2021 Oscar nominees won’t have the option to participate remotely, casual dress is discouraged: producers

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The Academy said a virtual element will ‘diminish’ the experience

By Nate Day | Fox News

This year, the Oscars will be held in-person with no option to participate remotely. (Photo by Danny Moloshok/Invision/AP, File)

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The 2021 Oscars will be held in person without an option for attendees to participate via video chat.

The Academy of Motion Picture Arts and Sciences is set to honor the best films of the year on April 25 and recently sent a letter to this year’s nominees announcing that they will not be allowed to participate remotely.

Only the nominees, their guests and the show’s presenters will be present at Los Angeles’ Union Station, the letter, obtained by Fox News, said.

“We are going to great lengths to provide a safe and enjoyable evening for all of you in person, as well as for all the millions of film fans around the world, and we feel the virtual thing will diminish those efforts,” reads the note.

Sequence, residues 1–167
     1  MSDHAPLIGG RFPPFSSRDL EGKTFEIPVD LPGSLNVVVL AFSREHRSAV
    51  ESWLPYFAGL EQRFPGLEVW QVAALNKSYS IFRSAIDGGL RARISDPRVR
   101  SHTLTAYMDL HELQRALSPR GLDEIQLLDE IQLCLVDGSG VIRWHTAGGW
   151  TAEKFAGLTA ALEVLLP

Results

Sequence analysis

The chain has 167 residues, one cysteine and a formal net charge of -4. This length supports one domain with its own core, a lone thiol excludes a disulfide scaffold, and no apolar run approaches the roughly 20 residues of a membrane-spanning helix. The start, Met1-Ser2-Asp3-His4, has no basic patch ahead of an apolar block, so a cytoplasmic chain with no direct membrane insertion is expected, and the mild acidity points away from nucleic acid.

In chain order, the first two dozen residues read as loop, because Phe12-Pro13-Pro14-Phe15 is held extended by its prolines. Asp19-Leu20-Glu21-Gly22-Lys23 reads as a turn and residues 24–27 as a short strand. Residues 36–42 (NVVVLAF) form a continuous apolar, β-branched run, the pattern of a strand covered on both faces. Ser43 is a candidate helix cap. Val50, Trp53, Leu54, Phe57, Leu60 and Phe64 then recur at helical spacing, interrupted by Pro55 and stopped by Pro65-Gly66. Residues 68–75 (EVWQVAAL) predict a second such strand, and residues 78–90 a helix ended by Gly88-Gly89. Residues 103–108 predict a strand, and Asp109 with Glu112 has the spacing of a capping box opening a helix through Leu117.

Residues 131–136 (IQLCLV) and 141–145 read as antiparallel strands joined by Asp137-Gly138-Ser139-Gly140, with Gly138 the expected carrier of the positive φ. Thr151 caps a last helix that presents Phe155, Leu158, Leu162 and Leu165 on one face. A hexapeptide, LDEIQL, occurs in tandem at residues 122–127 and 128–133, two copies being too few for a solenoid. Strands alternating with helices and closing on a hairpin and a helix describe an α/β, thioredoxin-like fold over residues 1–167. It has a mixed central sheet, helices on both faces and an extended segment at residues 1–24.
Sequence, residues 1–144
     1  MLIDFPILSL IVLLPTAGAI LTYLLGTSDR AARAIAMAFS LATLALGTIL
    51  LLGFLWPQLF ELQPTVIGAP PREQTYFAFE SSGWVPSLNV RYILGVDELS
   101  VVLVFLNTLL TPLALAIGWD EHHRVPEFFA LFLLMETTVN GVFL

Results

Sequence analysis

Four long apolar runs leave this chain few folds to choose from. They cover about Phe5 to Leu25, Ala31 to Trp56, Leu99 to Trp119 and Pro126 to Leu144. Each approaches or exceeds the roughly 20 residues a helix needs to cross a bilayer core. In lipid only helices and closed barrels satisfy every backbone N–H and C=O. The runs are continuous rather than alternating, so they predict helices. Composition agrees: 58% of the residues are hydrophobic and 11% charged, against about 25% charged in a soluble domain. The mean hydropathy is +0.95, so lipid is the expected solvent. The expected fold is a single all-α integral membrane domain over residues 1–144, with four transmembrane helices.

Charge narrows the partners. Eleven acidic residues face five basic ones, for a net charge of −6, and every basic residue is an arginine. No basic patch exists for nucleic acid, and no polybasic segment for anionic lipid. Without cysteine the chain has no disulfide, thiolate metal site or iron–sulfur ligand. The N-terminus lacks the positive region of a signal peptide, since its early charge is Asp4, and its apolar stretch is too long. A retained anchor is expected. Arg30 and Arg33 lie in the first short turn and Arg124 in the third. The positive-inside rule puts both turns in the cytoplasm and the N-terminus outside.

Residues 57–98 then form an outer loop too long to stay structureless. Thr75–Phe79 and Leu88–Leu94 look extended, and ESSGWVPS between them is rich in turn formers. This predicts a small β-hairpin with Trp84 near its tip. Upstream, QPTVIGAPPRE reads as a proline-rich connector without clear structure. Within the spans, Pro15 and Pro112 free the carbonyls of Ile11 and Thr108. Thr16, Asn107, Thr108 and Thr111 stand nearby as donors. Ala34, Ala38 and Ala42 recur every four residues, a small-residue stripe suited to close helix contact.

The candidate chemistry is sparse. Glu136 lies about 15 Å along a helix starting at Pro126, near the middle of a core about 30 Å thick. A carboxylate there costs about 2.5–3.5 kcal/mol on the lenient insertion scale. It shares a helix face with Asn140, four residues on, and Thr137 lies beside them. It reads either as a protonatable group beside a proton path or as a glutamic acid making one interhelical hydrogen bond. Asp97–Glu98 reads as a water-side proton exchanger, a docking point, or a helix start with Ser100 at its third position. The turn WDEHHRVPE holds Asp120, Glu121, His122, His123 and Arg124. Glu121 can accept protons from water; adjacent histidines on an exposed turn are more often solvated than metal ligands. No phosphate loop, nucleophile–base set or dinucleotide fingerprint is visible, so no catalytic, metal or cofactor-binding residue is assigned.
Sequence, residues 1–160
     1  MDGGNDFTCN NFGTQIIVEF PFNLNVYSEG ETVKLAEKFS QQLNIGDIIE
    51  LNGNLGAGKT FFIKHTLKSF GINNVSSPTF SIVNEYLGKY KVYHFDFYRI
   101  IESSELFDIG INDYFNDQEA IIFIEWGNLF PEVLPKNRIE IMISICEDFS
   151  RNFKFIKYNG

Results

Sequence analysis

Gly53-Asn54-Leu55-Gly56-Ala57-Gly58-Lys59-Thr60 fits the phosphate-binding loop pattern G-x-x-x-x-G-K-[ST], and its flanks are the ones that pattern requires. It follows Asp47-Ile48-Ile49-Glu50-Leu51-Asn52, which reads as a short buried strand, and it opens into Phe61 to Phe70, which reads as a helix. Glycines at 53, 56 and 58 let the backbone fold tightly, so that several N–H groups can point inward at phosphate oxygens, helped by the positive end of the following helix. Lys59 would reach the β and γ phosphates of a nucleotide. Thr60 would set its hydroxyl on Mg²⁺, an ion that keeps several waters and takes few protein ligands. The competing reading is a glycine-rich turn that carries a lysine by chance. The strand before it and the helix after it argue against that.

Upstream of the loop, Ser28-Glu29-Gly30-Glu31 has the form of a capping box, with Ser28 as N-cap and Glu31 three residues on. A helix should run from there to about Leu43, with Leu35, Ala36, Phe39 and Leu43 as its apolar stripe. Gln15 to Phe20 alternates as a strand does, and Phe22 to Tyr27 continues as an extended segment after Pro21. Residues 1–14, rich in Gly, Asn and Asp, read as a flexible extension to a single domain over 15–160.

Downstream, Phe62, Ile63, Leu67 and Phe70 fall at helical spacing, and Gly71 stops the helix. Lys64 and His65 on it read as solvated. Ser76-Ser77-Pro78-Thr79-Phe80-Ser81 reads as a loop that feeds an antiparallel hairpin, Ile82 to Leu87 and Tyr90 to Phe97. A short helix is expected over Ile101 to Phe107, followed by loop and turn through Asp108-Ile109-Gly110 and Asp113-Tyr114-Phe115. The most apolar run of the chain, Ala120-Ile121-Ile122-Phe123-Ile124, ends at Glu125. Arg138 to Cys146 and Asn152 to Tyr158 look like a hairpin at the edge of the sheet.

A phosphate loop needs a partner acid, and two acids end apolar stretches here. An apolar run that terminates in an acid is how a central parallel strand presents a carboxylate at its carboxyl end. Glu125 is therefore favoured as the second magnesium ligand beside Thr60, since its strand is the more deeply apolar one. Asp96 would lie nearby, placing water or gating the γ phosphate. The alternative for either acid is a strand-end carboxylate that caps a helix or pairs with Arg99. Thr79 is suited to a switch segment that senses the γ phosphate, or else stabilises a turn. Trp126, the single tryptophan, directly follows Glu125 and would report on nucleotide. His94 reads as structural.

It was sent by producers Steven Soderbergh, Jesse Collins and Stacy Sher.

The trio explained that there would be on-site coronavirus precautions and testing with different protocols in place for attendees currently in Los Angeles and those that will be traveling in.

Additional elements of the show will be taped live from Hollywood’s Dolby Theatre.

Additionally, each nominee was asked to consent to an interview discussing their journey to award season.

“We want to highlight the connections between all of us who work in the movies and show that the process is uniquely intimate, collaborative and fun,” reads the letter.

As for the dress code? Casual wear — which has frequently been seen in remote shows like Jason Sudeikis wearing a sweatshirt for the Golden Globes — is discouraged.

Instead, the letter advises attendees to wear an outfit that’s “a fusion of inspirational and aspirational.”

Additionally, it was suggested that winners “read the room” and “tell a story,” as well as thank people by name rather than their title when it comes to their acceptance speeches.

“The good news is you should be pretty relaxed by show time because you will have been at a pre-show gathering in the Union Station courtyard for the previous ninety minutes with your fellow nominees and their guests,” the note added.

The announcement follows the Golden Globes, which were marred by technical difficulties that included interruptions of major winners Daniel Kaluuya and Catherine O’Hara‘s acceptance speeches.

Fox News has reached out to the office of Gov. Gavin Newsom and Los Angeles Mayor Eric Garcetti with a request for comment.

 

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